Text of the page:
Dining out with a nickel food allergy can be quite a challenged! The majority of restaurant and culinary kitchens are full of stainless steel cookware, which is all high in nickel.
I am lucky. My nickel allergy is primarily a nickel food allergy. When I eat foods with nickel it triggers my atopic dermatitis or eczema. However, generally I don’t get a rash or eczema when I touch things made out of nickel. Likewise, I currently don’t have issues when I eat out at restaurants that use tap water and/or stainless steel cookware.
When my eczema does break out, it is tricky to completely know what caused the reaction. I wonder if it was the result of eating out and the chef using stainless steel cookware or if I ate something high in nickel? At home, I predominately use nickel free cast iron or ceramic cookware.
I have experienced a series of adventures and misadventures dining out with a nickel food allergy. One of which, I’ve already blogged about where I ordered off the dog menu! I accept that I am a custom eater requiring meal modifications or substitutions. It’s difficult to believe that I still find restaurants – even small locally owned ones – that aren’t willing to make meal substitutions!
I have found it easier to eat out at restaurants that make certain types of cuisine. My preferences include restaurants that make American, Indian, Mexican and Japanese foods.
American – When I want traditional American food, it’s usually involves large amounts of meat, vegetables, fruit and bread. I love sandwiches and steak! Since soy flour or soy oil is predominately used in wheat goods, I have to avoid or ask questions about the bread, buns, pizza crust, desserts, etc. If a restaurant doesn’t include soy in its wheat products I always have to remember to ask if they also have sesame seeds. I also order most of my sandwiches without any condiments or ask for avocado instead.
Indian – Indian food is probably my favorite type of ethnic food. However, there are only a couple dishes I can enjoy that don’t include nickel. My favorites include tomato based Chicken Tikka Marsala and Tandoori Chicken! I hardly eat anything else, as many Indian foods include chickpeas, lentils, or beans. Many of their curries are tomato based, instead of coconut sauce based like Thai food. I cannot eat coconut, whereas I know some people with nickel food allergies can eat coconut.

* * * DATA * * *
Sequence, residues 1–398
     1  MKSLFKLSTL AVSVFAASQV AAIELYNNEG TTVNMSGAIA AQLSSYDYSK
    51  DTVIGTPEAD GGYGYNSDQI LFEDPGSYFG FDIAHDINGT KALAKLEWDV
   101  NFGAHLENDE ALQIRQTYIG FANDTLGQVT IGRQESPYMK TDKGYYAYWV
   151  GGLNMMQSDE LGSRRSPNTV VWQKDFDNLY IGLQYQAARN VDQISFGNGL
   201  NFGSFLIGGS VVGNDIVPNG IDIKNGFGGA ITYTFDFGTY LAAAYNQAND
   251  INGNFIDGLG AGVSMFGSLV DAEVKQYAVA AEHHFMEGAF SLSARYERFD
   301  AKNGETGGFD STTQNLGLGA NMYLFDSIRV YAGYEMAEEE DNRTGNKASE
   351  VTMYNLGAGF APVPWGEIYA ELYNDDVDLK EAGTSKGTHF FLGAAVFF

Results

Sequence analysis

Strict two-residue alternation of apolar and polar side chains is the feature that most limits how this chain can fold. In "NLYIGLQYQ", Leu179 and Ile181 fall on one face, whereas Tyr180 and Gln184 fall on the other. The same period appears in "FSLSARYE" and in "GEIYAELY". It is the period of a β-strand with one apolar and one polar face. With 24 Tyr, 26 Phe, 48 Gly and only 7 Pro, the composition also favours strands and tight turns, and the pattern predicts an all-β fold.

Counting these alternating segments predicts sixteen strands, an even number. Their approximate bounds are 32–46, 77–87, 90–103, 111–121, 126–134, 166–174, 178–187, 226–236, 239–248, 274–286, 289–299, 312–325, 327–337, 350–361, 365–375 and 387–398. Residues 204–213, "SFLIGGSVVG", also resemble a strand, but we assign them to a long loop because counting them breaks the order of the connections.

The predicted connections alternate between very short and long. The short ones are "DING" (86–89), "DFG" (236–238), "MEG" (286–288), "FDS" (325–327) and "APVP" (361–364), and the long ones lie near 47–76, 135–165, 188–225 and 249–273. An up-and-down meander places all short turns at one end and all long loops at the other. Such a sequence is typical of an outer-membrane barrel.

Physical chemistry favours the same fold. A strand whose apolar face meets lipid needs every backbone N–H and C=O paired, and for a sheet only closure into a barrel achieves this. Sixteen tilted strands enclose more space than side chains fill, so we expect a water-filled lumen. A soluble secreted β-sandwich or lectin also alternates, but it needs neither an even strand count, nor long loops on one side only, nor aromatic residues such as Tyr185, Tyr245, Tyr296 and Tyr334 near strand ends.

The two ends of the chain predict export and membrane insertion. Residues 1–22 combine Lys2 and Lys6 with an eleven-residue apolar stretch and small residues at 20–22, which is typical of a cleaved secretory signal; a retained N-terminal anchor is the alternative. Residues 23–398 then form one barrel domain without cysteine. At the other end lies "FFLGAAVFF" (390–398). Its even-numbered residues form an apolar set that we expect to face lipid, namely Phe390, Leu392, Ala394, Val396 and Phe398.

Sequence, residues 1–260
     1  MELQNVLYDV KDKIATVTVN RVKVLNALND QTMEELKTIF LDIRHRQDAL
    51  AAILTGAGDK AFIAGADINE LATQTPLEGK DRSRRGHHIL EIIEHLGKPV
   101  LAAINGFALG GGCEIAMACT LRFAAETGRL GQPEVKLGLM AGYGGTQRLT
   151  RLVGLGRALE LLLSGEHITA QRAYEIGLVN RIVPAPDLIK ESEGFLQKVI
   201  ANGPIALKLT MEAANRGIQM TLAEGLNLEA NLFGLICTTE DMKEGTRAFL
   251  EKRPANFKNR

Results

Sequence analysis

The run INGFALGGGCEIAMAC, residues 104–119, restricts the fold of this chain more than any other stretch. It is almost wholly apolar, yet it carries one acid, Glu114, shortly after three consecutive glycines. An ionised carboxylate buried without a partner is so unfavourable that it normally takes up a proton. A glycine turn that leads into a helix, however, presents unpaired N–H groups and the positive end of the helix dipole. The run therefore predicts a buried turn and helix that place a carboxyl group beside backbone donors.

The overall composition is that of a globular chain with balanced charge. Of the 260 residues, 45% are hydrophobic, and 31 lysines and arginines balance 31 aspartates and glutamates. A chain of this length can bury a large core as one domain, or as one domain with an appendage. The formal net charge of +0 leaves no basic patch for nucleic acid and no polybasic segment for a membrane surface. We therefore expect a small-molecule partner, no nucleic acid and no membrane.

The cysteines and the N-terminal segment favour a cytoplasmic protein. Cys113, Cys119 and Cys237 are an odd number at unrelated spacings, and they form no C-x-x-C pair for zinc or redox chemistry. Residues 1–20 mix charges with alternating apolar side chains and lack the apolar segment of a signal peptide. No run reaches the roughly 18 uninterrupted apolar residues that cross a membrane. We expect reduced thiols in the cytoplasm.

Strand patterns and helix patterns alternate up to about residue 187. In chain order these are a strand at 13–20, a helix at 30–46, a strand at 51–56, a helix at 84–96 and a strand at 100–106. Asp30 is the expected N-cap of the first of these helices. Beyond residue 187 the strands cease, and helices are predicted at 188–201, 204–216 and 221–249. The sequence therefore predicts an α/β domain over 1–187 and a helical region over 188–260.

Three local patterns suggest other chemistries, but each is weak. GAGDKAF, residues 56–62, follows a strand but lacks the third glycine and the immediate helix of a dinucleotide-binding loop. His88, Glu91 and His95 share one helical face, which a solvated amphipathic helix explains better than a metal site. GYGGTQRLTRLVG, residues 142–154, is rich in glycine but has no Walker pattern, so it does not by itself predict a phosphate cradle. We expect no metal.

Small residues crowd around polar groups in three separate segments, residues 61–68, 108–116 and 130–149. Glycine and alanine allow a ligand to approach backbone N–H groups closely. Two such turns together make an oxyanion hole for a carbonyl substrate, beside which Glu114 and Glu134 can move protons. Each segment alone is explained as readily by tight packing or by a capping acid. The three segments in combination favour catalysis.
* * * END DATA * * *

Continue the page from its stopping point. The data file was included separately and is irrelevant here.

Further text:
Mexican – Eating Mexican food while on a low-nickel diet isn’t too challenging. I always negate the beans, lettuce and wild rice. Otherwise, I enjoy vegetarian or meat tacos and burritos.
Japanese – I admit that I love sushi! However, I have to be very careful when I eat out at sushi restaurants. Many times I have experienced language barriers where servers don’t understand that I cannot eat soy or sesame seeds. Most of the menu items clearly identify which type of fish is used in each roll. I prefer rolls with tuna and salmon, while avoiding anything with shellfish – I don’t even eat imitation crab!
Asian, African, Greek, German, Mediterranean cuisines I tend to avoid as they usually include several ingredients that are high in nickel, such as soy, nuts, cabbage, legumes, lentils, seeds and leafy greens. German foods involve many fermented foods high in histamines that trigger both my eczema and hayfever.
I occasionally eat at French or Italian restaurants, but I don’t find either very filling. Sometimes I’m open to trying new types of ethnic foods. The other day I enjoyed a roasted chicken dish from a Cuban restaurant. However, I also lean towards choosing meals that are balanced with either iron or vitamin C to reduce my overall nickel absorption.
It’s also important to be aware of how restaurants package their meals when you order take out. I once ordered a chicken burrito that didn’t include any ingredients with nickel. However, the restaurant packaged the burrito in aluminum foil. Really hungry at the time and not thinking about how the burrito was packaged, I ate it directly from the aluminum foil. Unfortunately, within about an hour my lips were swollen and on fire! They hurt terribly and I never made that mistake again!
Eating with a food allergy is a continual challenge. I know some people who cannot eat out at all or they risk going into anaphylaxis! Everyone’s food allergy journey is different. I feel it’s critical to remain open and understanding to how others experience their own food allergies and food intolerances.